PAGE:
The department informed me that if I did not have ten students in the course, it would be cancelled and that my salary would be reduced as a result.
I learned later that many of the economics classes in the university had been made into required courses and that my course was designated as just an elective. That change in the rules meant that students who wanted to take my course (and there were plenty) were not able to do so.
The Climate Change course was not cancelled, ultimately. But I learned that the nature of the university has been fundamentally changed while we were asleep.
Our role is not to prepare our students for the future, or to give them ethical guidance. Our purpose as a professor is to grade papers, write letters of recommendation and write specialized journal articles that almost no one reads.
Personally, I think economics classes that teach students how to use mathematics to calculate inflation and interest rates without any consideration of the ethical and cultural aspects of economic exchange are far less valuable than my course on climate change. I told my department head I wanted an open discussion about whether climate change is less important than economics. But no such discussion was even possible.
Young people, intellectuals, everyone, should be focused on the critical issues of our times and we should do things directly to help solve problems. We need to stop be passive consumers, manipulated by the media and distracted by video games, and we should be active citizens, thinkers, who decide for ourselves what is an ethical life and who take brave and creative steps to realize that world every day.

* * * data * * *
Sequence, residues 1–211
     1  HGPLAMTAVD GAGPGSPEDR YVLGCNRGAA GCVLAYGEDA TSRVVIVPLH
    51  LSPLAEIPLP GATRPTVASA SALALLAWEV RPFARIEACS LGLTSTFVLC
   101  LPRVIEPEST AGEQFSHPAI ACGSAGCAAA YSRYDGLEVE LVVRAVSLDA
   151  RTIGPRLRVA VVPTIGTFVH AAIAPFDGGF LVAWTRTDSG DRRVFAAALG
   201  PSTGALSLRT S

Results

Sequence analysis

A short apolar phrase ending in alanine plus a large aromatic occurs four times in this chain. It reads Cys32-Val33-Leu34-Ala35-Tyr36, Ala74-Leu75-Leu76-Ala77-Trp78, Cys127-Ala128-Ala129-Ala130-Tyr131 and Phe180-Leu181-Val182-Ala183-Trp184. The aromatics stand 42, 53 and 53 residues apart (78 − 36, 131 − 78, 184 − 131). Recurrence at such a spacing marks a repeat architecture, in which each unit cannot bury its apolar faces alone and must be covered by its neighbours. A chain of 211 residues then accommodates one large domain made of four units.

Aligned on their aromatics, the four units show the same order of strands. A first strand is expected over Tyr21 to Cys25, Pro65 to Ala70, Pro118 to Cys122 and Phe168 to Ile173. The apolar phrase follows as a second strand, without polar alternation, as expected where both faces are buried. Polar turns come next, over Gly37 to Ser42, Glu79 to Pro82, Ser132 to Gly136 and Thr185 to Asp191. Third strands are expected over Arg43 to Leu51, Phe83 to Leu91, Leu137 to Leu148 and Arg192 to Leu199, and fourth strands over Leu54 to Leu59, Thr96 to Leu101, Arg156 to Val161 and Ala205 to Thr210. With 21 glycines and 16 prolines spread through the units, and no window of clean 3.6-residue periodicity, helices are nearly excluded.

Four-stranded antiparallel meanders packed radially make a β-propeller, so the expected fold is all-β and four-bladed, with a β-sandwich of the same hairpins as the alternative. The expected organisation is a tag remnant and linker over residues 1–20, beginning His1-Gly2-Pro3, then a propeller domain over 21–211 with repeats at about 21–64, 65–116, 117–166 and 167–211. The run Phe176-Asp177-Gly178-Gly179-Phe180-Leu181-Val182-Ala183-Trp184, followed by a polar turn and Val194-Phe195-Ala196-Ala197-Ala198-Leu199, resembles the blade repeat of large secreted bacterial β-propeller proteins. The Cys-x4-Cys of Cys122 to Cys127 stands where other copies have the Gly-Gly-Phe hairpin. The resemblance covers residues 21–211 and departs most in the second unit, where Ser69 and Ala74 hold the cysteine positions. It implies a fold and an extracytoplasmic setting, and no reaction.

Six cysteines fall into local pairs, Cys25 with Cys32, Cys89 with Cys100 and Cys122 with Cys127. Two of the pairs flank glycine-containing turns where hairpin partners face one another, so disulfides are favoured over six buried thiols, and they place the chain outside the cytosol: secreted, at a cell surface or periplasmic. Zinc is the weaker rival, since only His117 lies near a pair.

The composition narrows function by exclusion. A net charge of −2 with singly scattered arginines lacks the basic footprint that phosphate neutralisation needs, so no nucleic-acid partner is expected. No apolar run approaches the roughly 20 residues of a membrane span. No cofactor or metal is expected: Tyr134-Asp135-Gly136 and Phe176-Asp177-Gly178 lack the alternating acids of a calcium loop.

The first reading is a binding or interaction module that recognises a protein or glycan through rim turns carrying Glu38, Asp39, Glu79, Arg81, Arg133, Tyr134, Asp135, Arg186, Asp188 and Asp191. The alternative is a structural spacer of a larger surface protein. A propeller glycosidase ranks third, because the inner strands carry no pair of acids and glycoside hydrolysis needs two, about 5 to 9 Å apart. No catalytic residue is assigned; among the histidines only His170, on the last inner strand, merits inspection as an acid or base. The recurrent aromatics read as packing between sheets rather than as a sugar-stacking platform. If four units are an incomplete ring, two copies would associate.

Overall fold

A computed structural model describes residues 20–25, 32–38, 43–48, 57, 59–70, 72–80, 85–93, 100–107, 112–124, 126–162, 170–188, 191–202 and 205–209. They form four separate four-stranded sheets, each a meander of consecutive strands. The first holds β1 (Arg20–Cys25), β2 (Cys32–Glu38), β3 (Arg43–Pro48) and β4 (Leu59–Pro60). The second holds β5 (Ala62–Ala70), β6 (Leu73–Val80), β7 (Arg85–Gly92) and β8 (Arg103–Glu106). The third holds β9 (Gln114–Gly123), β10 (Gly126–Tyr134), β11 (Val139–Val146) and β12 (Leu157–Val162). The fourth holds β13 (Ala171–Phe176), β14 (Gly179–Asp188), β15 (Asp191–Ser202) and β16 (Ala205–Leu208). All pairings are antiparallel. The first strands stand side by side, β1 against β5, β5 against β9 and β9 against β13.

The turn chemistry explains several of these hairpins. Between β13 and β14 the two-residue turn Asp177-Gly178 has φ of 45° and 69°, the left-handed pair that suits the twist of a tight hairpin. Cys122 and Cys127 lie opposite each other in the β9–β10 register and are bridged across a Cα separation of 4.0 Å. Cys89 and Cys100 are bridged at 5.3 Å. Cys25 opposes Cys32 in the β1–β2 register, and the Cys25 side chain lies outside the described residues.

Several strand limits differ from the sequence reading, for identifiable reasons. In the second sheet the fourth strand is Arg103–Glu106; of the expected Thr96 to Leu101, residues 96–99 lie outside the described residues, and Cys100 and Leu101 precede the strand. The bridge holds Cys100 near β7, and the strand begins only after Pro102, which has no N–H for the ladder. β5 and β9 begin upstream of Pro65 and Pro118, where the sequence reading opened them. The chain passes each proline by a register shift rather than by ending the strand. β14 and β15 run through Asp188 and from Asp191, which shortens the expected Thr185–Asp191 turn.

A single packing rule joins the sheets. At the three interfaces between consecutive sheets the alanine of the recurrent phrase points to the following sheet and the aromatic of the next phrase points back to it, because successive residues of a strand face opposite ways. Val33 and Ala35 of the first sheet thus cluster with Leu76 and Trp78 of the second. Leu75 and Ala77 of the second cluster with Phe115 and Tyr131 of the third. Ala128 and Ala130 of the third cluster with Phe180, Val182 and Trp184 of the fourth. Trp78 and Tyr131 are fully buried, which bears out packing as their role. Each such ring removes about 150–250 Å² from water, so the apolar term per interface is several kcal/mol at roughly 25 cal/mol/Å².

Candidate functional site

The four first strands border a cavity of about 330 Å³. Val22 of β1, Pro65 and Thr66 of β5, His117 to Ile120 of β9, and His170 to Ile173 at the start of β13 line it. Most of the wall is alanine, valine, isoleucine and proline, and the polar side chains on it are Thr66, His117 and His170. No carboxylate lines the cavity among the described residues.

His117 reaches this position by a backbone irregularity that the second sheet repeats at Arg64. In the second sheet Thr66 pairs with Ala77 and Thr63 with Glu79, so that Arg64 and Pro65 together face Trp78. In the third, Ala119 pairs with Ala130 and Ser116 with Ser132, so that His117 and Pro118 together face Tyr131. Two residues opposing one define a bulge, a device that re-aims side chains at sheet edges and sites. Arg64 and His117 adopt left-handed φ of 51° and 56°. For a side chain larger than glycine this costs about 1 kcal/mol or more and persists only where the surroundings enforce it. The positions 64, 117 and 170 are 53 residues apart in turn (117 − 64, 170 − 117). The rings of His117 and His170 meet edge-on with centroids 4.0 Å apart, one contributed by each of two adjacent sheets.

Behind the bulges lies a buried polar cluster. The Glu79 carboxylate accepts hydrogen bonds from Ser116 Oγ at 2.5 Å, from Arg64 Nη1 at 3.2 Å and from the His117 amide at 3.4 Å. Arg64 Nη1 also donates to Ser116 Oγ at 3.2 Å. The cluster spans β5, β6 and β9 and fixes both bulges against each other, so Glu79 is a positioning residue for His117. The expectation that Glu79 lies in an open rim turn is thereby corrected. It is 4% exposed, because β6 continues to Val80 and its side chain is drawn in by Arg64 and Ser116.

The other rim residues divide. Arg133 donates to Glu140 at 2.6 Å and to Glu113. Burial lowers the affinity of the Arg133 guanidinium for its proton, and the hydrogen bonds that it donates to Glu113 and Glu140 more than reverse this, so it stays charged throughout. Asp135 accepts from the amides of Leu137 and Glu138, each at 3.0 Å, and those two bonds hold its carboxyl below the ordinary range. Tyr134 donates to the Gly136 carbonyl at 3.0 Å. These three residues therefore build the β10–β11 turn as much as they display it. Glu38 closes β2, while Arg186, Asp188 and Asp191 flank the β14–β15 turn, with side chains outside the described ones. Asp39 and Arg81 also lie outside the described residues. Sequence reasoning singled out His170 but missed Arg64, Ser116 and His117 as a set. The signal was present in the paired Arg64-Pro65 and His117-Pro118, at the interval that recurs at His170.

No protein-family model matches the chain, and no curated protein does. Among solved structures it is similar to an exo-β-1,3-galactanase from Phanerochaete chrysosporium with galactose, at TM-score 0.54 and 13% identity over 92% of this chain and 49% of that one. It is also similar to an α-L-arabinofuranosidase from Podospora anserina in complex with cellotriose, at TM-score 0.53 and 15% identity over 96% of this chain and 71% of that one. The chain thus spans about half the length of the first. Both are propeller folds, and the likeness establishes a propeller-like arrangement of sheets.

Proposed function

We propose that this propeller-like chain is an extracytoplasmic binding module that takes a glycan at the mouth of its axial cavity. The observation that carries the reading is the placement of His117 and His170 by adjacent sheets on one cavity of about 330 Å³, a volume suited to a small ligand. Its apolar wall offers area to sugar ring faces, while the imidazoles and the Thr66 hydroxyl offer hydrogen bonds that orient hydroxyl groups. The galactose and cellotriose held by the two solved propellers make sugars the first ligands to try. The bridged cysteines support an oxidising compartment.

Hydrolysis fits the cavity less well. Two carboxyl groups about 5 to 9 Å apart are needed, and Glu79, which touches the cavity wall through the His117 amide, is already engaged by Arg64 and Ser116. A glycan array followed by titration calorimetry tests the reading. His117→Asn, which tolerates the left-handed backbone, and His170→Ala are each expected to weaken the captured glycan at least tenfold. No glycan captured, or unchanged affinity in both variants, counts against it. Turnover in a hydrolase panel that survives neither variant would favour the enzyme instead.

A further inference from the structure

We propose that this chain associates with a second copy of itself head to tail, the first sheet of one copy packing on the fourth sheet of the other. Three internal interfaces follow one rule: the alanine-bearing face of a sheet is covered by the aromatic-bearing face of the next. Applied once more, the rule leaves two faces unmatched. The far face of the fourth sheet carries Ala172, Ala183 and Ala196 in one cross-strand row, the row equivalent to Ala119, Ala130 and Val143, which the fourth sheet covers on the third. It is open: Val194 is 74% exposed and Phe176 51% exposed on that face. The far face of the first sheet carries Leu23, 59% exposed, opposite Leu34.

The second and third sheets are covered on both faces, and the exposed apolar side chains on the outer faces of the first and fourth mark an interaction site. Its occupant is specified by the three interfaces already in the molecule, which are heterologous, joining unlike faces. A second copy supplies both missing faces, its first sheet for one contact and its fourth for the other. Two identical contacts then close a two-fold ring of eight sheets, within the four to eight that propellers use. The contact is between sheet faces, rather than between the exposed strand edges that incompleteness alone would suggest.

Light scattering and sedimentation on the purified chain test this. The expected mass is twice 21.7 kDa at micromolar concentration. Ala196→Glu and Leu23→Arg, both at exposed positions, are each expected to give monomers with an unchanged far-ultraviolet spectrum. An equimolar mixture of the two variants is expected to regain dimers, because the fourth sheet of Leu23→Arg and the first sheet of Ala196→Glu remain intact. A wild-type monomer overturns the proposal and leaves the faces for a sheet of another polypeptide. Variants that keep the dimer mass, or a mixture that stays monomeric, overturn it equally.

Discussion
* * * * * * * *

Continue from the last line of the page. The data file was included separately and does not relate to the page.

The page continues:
January 7, 2018
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My friend Jiun just posed one of the most amazing suggestions to me today that I have ever heard. I was completely floored and had to sit down and catch my breath.
He suggested that the fruit offered to Adam and Eve in the Garden of Eden, the so-called apple (although that designation seems to be fake news–we still do not know exactly what fruit it was) on the tree of the knowledge of good and evil, was planted there by God as a set up for humans. It was the first false flag operation made to snare humanity into joining the fallen world. Something like luring the Japanese into bombing Pearl Harbor, perhaps?
I admit it is a bit far fetched, even disrespectful to the Almighty, but what a conspiracy theory!
“Had Adam not eaten from the “Tree of Knowledge”, he wouldn’t be discerning to be able to separate right & wrong.
Thus, he did not listen to God, and ate the “Forbidden fruit”.
Didn’t God basically set him, a trap, from which he could never escape?”
December 31, 2017
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I remember when I watched the United States launched spacecraft to the Moon on television as a child. The process of preparation was shown for hours with occasional commentary by scientists and experts. There was no thrilling gossip by overpaid TV personalities or attempts to spice up the story with exclusive interviews “behind the scenes.” The entire point of the reporting was to present the facts in an accessible manner to the public. People had the patience to listen to the complex narrative because the systematic pursuit of facts, and science had value. Now all that tradition has been washed away by an obsession with the self, and by an appeal to immediate satisfaction.